Indian authorities have left the names of almost 4 million people off a controversial registry list in the northeast border state of Assam, effectively casting a shadow over their citizenship.
The publication of the National Register of Citizens (NRC) on Monday comes amid popular anger over illegal migration into Assam, which shares a porous border with Bangladesh.
Proponents of the registry say it will help root out illegal Bangladeshi immigrants, but the move has prompted fears of possible deportation among Assam’s hundreds of thousands of Bengali-speaking Muslims.
The decision to impose a state-wide register of citizens has drawn parallels with Myanmar’s Rakhine State, where Rohingya Muslims have long faced persecution owing to their Bangladeshi ancestry.
Last year, hundreds of thousands of Rohingya were forced across the border into Bangladesh as part of a targeted attack labeled by the UN as ethnic cleansing.
Tensions over citizenship have been brewing for decades in Assam, resurfacing earlier this year with a government effort to rid the state of “Bengalis” and “foreigners.”
Many of the state’s Bengali community have lived in India for decades, crossing the border into Assam during the bloody Bangladesh (formerly East Pakistan) independence struggle in 1971. Many others can trace their history back even further, arriving before the independence of India in 1947.
Security has been tightened across the tea-rich state in anticipation of potential anti-immigration violence in the wake of the registry’s release.
Out of the state’s 32.9 million population, 28.9 million people have been recognized as legal citizens.
Assam is the only state in India to have a citizenship register. It was created in 1951 to identify Indian citizens from illegal migrants from East Pakistan.
The cutoff date to be eligible for Indian citizenship is March 24, 1971, a day before the onset of the Bangladesh Liberation War.
Authorities said that no one will be deported until an appeals process is cleared. Officials have made reassurances that those left out of the list will be able file appeals from August 30 until September 28, 2018.
Anand Sharma, a senior leader of the main opposition Indian National Congress party, said the credibility of the process was questionable.
“This has interstate repercussions, involves humanitarian aspects and our relationship with the neighboring state of Bangladesh,” he told reporters Monday.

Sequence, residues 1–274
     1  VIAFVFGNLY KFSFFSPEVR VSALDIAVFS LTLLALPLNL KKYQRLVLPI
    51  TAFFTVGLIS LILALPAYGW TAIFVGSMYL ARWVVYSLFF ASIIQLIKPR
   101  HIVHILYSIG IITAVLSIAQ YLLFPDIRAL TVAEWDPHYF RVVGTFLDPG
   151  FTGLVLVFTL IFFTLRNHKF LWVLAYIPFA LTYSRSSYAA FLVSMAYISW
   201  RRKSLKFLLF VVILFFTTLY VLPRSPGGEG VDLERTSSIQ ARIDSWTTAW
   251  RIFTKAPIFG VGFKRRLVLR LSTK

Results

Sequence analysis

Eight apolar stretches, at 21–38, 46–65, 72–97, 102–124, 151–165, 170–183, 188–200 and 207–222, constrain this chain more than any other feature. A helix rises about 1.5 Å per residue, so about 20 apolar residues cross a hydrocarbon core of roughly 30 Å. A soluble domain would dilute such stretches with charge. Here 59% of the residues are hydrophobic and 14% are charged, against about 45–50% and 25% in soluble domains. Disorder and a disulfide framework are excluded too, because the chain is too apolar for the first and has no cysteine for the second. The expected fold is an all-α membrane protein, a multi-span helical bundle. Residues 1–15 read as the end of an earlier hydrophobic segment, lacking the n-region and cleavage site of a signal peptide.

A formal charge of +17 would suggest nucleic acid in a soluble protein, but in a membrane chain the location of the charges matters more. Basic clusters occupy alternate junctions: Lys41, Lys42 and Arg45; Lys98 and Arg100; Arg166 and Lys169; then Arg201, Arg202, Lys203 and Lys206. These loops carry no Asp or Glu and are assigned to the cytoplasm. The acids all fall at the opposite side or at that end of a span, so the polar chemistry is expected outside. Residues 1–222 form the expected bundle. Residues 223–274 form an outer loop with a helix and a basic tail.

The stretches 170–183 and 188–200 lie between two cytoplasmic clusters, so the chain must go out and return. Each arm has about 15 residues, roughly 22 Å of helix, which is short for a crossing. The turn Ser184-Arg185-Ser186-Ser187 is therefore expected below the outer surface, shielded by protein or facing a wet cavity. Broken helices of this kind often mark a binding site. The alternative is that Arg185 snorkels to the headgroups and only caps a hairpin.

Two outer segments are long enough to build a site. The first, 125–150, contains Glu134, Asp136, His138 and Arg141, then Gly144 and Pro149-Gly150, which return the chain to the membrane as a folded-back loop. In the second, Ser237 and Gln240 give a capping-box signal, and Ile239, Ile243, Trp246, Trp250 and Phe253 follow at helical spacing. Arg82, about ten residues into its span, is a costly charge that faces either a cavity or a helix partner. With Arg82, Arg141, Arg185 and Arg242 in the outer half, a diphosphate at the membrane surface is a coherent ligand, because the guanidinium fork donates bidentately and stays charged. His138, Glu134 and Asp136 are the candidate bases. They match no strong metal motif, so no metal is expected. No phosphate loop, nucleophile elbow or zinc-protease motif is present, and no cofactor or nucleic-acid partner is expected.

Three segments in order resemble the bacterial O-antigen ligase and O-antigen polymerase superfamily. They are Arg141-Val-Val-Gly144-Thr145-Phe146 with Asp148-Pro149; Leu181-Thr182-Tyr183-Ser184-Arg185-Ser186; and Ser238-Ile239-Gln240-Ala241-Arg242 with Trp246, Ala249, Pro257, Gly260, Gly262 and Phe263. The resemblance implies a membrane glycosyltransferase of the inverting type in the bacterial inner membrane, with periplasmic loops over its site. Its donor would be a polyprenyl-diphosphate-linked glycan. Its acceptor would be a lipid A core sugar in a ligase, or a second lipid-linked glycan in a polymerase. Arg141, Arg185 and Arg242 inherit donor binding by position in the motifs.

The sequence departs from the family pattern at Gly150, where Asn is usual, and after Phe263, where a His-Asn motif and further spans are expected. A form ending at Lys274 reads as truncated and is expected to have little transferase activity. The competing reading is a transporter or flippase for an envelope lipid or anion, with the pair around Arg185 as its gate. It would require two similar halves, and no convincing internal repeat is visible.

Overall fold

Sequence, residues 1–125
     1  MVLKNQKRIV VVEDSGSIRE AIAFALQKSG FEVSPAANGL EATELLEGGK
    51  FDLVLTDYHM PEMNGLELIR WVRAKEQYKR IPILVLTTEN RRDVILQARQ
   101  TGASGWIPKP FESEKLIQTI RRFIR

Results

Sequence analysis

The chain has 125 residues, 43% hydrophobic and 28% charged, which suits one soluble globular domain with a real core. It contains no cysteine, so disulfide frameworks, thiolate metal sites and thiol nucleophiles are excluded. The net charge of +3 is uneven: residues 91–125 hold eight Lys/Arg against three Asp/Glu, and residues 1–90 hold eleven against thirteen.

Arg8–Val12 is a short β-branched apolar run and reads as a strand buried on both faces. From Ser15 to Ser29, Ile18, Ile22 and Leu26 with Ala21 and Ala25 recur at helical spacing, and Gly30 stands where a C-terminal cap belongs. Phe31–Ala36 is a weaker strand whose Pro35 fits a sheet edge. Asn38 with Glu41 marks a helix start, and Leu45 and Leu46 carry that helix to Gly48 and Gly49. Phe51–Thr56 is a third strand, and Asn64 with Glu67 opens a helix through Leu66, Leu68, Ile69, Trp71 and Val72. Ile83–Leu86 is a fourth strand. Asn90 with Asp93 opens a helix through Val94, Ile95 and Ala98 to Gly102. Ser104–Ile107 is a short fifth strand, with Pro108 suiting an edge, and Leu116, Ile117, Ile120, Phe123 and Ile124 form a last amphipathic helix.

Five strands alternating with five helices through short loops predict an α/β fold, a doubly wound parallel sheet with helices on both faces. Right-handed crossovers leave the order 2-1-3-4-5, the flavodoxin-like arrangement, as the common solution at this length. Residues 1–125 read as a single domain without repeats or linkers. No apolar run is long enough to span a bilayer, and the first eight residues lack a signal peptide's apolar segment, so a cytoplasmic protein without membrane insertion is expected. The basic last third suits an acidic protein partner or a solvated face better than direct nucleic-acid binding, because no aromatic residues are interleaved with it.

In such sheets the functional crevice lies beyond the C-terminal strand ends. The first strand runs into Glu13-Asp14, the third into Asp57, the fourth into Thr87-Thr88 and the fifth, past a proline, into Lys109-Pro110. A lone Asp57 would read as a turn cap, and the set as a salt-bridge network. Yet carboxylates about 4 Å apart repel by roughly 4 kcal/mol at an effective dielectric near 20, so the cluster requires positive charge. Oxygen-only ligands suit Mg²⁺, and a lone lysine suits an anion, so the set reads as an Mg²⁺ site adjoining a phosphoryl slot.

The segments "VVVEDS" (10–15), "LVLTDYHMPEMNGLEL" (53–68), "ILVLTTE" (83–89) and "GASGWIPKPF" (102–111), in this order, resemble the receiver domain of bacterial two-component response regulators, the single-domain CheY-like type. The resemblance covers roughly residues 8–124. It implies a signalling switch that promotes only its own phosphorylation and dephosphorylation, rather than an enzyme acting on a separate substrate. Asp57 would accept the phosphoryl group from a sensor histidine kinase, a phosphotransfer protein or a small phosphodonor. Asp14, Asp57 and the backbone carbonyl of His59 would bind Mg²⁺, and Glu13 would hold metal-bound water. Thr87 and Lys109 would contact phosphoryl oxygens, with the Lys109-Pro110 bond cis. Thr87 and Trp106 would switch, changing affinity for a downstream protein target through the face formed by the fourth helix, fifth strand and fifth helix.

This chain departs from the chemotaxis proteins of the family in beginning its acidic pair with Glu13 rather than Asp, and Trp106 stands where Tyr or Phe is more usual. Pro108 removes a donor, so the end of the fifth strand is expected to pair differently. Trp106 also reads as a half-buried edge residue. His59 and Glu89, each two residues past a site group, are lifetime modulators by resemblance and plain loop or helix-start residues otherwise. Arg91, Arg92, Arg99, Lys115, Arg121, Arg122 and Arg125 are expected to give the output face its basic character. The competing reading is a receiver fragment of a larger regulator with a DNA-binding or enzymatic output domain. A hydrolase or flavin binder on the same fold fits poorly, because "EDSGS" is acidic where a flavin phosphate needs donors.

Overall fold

“Families should not be separated. The government of Assam should hold a meeting with all political parties of the state.”
Writing in the Economic and Political Weekly, Sanjoy Hazarika, a human rights activist and Director of the Commonwealth Human Rights Initiative, said it was unclear what will happen to those who could find themselves stateless.
“While a number of illegal immigrants may emerge through the NRC, there is no clarity on what happens after identification and prosecution: they cannot be deported for there is no such arrangement between India and Bangladesh. Will they be left in limbo without rights? Many, both Hindus and Muslims have apparently established homes and businesses, schools, farms and factories. Such persons include school and college students,” said Hazarika.
“What is the process of handling their cases? Will they be pulled away from their homes and each other? Where will they be detained? These questions need to be answered,” added Hazarika, posing questions both the Indian and State governments have yet to address.
Living in limbo
Speaking at a press conference after the launch of the final draft list, Sailesh, the Registrar General and Census Commissioner of India, attempted to calm fears, suggesting that the State government would begin a period of “claims and objections.”
“We’ll wait for the finalization of the NRC … No punitive or penal action will be taken,” added Sailesh.
India’s Home Minister Rajnath Singh released a statement on Twitter on July 22, saying: “The Citizenship Rules provide that any person who is not satisfied with the outcome of claims and objections can appeal in the Foreigner’s Tribunal. Thus, there is no question of anyone being put in a detention center after the publication of NRC.”
In 1983, hundreds of people were killed in Assam by mobs intent on driving out Muslim immigrants.
The renewed process to update the list began in 2015 under the supervision of the Supreme Court of India.
Those whose names or the names of their descendants appeared in the NRC 1951 will be included in the final draft, which is expected to be released in December 2018.